Mike, you're wondering why your STi dyno'ed lower than matts??? your answer lies in the pig stickers :shock: Other than that, i have no explination. Oh yeah, maybe their cars are just the special ones that ppl talk about comming from the factory... or maybe not............ :wink:
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Old 2004-04-06, 04:04 PM   #50
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I just need to remember next time that I have it dyno'ed there, with future mods added, that my car has the potintal to put down = to Matt's car........when compairing whp with the added mods and not just the whp I put down that day or I may have a +17 hp difference.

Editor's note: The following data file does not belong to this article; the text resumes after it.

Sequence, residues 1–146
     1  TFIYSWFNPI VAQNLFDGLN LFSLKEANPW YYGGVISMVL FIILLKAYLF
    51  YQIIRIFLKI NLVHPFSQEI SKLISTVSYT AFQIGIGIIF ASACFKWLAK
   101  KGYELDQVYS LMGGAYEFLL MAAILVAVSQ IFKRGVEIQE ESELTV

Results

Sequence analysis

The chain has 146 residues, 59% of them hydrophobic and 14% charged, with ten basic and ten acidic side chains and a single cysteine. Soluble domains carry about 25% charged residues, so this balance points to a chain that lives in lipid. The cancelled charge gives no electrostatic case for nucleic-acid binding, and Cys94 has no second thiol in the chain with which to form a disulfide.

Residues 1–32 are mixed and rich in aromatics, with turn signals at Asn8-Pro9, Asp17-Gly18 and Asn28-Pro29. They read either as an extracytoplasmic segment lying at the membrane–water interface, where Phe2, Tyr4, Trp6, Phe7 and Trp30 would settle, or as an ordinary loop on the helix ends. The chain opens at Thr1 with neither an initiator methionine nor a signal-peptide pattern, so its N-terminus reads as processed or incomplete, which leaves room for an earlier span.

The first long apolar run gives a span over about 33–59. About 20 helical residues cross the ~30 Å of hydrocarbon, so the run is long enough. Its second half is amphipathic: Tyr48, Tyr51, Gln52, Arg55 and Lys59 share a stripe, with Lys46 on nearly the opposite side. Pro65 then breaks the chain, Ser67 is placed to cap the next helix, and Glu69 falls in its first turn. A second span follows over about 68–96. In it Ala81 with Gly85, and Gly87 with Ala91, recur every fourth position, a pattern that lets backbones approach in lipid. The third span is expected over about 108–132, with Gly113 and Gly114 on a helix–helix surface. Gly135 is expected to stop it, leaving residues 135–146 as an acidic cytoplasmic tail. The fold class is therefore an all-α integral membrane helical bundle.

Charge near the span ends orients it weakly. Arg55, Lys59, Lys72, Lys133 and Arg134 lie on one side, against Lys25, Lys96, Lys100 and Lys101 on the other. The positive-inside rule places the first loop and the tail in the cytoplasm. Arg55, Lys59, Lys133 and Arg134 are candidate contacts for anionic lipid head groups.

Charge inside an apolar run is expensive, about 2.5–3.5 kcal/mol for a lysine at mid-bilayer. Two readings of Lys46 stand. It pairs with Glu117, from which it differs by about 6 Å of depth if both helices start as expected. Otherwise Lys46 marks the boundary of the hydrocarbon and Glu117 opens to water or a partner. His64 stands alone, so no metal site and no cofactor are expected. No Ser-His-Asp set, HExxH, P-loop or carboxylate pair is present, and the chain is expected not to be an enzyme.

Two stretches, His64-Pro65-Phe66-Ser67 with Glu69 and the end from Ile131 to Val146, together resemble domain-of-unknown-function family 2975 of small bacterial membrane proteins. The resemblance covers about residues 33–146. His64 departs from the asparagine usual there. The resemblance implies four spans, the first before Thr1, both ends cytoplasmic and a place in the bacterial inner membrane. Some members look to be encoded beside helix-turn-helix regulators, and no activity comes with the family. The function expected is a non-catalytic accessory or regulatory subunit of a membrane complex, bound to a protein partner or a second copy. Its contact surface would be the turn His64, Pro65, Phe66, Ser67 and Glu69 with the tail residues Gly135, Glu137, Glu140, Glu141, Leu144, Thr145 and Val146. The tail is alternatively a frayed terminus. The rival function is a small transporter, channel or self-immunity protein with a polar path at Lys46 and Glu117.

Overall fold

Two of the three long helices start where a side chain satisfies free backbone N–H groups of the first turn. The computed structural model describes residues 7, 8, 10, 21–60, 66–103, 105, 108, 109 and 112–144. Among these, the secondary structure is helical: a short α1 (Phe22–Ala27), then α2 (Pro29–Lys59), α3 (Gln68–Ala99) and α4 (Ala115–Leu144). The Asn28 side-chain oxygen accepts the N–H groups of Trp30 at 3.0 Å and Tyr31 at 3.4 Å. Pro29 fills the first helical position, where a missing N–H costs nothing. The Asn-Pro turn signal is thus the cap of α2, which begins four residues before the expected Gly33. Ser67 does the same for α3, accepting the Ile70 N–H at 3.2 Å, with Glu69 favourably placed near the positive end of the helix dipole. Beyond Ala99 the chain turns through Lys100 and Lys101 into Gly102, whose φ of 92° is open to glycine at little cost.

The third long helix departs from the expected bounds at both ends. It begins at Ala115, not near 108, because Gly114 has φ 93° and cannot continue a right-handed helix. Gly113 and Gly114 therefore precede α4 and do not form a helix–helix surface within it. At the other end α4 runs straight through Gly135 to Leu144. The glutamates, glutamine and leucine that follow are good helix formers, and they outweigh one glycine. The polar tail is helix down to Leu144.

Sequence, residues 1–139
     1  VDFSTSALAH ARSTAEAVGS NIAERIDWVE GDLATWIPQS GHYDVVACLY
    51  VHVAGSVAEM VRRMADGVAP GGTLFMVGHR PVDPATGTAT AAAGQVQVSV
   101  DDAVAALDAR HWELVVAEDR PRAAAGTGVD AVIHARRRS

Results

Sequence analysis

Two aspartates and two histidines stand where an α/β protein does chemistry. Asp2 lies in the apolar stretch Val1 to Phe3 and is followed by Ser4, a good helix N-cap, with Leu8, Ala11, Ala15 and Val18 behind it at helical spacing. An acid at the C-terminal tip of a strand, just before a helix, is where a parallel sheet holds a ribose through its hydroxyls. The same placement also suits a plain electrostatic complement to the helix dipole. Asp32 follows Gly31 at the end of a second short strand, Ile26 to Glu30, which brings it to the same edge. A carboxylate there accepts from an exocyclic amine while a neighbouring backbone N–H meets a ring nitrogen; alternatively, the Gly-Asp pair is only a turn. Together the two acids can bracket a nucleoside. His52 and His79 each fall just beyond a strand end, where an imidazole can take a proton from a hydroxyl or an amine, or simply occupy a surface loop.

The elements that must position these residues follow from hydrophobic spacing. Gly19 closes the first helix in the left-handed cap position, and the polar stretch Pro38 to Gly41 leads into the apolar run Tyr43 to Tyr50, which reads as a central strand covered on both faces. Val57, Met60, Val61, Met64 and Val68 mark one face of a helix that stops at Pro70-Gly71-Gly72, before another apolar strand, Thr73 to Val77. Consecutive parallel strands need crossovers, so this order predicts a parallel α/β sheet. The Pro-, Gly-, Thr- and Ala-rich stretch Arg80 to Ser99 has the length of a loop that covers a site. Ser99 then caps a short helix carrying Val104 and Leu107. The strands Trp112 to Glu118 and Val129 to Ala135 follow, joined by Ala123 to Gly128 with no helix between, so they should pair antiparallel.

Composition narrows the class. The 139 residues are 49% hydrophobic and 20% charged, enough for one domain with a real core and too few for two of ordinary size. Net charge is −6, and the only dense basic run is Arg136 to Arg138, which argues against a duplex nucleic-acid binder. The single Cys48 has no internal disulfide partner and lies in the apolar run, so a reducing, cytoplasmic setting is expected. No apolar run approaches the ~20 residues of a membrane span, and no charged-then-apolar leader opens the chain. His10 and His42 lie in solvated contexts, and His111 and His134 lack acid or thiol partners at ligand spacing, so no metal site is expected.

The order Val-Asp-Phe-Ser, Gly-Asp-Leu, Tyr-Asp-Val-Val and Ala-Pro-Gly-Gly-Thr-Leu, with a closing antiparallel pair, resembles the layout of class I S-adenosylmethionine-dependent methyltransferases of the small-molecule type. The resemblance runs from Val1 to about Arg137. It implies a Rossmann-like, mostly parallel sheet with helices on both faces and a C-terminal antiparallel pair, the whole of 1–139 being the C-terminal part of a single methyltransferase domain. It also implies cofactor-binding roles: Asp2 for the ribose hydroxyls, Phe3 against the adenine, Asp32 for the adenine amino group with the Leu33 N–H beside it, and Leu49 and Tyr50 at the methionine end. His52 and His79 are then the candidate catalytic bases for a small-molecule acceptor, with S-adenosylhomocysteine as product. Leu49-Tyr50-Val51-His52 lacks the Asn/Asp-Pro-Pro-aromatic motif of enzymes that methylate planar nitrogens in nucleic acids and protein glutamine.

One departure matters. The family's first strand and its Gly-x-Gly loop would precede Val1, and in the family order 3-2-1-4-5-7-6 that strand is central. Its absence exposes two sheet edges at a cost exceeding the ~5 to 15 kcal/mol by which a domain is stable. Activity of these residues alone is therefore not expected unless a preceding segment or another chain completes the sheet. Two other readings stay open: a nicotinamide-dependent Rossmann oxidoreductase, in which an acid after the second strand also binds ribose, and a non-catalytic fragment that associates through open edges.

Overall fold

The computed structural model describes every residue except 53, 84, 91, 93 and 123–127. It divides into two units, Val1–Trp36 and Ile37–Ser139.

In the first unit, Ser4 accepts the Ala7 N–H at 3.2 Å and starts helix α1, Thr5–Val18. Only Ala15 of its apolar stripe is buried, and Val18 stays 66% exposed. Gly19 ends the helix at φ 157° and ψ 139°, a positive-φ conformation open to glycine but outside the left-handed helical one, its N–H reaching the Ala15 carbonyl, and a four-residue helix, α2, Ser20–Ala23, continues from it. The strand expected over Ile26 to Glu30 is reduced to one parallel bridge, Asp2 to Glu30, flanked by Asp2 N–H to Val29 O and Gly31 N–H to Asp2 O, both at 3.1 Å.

I would say the opposite is true. Tyson, Matt and I can expect lower numbers as shown by Nates new numbers for my car.

My car evened out at 160Whp/162Ft-Lb. which is 12 down on WHP, and 15 down on Torque.

It probably makes sense to drive around in Sac using lots of torque etc. for a while to stabilize the car before any Dyno Day type test.